I’m a writer who has never looked kindly on writer’s block. To my chagrin, I thought writers who confessed to such frozen moments in their creative careers were weak, spineless specimens. Who wants to read words from a writer with no vertebrae? Although if a coelacanth wrote something called The Long Swim: Memoir of an Old Fish, I’d read it. Then I became a weak, spineless creature. No backbone. I wasn’t wise like a coelacanth, which can hide at the depths. I wasn’t strong like my imaginary dragon. I was a kleptomaniac: I had stolen rocks.

After the pages of my book project stayed white for months, and longer, closer to a year, or more, I cannot confess the length of painful time, well, I had to own the label: I have writer’s block. You have to accept that something is wrong and name it before you can move forward, right?

I tricked myself into thinking I was not stuck. Oh no, not me. I was writing book reviews, wasn’t I?! I was writing posts for the Women Owning Woodlands website, wasn’t I?! I was writing dance reviews, wasn’t I?! I was writing, for goodness sakes. But, really, I was turning in on myself, picking at my skin, eating lots of chocolate, and taking dachshund Tootsie on more walks than she needed or wanted. Oh, yes, I was watering those rocks. Faithfully.

I’d published my first book, Body of a Dancer, and as my brother put it, succinctly, in the way of siblings, “Basically, you pursued your dance dreams, and when you didn’t succeed at dance, you wrote a book about your failure, and that means you turned adversity into something lasting. Into art.” I liked thinking about those hard modern dance years in New York City. The struggle was all. I didn’t eat any chocolate then. (more…)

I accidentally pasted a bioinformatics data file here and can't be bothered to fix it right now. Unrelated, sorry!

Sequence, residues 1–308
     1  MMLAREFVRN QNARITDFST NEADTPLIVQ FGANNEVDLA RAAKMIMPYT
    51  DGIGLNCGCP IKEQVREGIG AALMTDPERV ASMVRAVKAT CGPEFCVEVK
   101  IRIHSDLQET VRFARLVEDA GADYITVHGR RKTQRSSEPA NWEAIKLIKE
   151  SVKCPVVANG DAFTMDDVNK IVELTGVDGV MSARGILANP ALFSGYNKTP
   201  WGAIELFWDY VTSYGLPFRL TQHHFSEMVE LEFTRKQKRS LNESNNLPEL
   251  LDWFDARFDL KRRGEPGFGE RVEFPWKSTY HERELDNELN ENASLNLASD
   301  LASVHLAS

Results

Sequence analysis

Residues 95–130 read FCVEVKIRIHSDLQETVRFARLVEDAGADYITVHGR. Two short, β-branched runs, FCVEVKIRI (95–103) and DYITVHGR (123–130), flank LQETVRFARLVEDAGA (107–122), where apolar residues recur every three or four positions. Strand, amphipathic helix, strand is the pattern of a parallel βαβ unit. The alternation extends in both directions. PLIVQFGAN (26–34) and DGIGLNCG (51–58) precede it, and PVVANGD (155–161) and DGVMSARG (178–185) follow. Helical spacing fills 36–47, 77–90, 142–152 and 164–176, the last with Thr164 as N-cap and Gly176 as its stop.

SELECTED WORKS

Memoir
“My favorite book of the year. An astonishing look at the pains of growing up.”
--Dan Smith, WVTF Virginia, Public Radio
Collection/Anthology
“Wherever readers look, they’ll find a different essay, a different voice, a different Michigan.”
-- Crab Orchard Review
Anthology of/on Creative Nonfiction
“Offers the most thorough and teachable introduction available to this exciting genre.”
--John Boe, Editor, Writing on the Edge
Stage Play
"An evening of energy, hot music, laughs and sheer entertainment." Lansing State Journal
Teaching/Writing
"Root and Steinberg will be on the shelf near my desk that holds the most important books about the teaching of writing." -Donald Murray, A Writer Teaches Writing and Write to Learn
Literary Journal
"Fourth Genre is the Paris Review of nonfiction journals." Newpages.com
Writing/Teaching Text
The Writer’s Way is the best book I’ve found yet for teaching first quarter Freshmen their first English writing sequence….” Dr. Sheila Coghill, Moorhead State University.